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My friend Walter Mildmay

April 2, 2018

Mildmay

what the dead had no speech for, when living,
They can tell you, being dead …
[T.S. Eliot, Little Gidding]

Mildmay, in the dark you look ornate
but barely comprehensible, and so dead;
the tokens you’ve chosen to be remembered by
far less eloquent than the naked Smalpace bodies.
Your heavy marble out of place amongst the stone:
you intended to impose.

But now you know – if you know anything –
that evidence of the world’s approval
counts for nothing after death.
It is your soul that matters now,
not how many kings and queens you served
or colleges you founded.

And since you know, and cannot even answer back,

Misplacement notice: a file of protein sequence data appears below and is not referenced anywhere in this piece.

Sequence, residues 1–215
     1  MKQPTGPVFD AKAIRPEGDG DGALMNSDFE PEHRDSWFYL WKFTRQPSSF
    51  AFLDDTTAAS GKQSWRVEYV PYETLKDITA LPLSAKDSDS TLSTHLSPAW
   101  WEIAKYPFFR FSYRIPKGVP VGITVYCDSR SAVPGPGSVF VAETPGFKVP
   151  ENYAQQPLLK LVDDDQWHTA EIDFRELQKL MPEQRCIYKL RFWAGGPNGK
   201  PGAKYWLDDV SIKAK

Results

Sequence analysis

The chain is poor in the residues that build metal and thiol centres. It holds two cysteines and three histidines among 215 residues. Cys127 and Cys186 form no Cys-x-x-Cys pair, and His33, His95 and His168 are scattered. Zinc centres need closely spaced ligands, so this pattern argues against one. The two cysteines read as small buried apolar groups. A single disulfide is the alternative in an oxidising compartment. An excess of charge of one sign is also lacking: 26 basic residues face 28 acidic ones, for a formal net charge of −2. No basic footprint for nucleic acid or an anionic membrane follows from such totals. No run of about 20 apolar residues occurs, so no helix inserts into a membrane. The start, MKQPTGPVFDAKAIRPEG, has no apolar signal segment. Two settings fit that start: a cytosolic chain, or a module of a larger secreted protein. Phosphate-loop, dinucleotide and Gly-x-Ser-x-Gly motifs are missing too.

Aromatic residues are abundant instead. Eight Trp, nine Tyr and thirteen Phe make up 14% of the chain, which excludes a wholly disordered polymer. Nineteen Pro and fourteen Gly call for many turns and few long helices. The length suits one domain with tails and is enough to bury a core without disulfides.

your boasts reveal unguessed humility.
I recognise you now: we’re kindred spirits.
Instead of shields, I’d spread my poems round a monument,
listing where they’d all appeared, the prizes won:
I’d never be content.

You meant to brag, show off, belittle me;
but wiser dead than you ever were alive,
we’ve had a conversation. You’ve reminded me
how trivial is the heaping up of honours,
of how success slips through our fingers
like the dust we must become.

 

©Virginia Rounding, 1996.

[First published in Awaiting an Epiphany, 1997]

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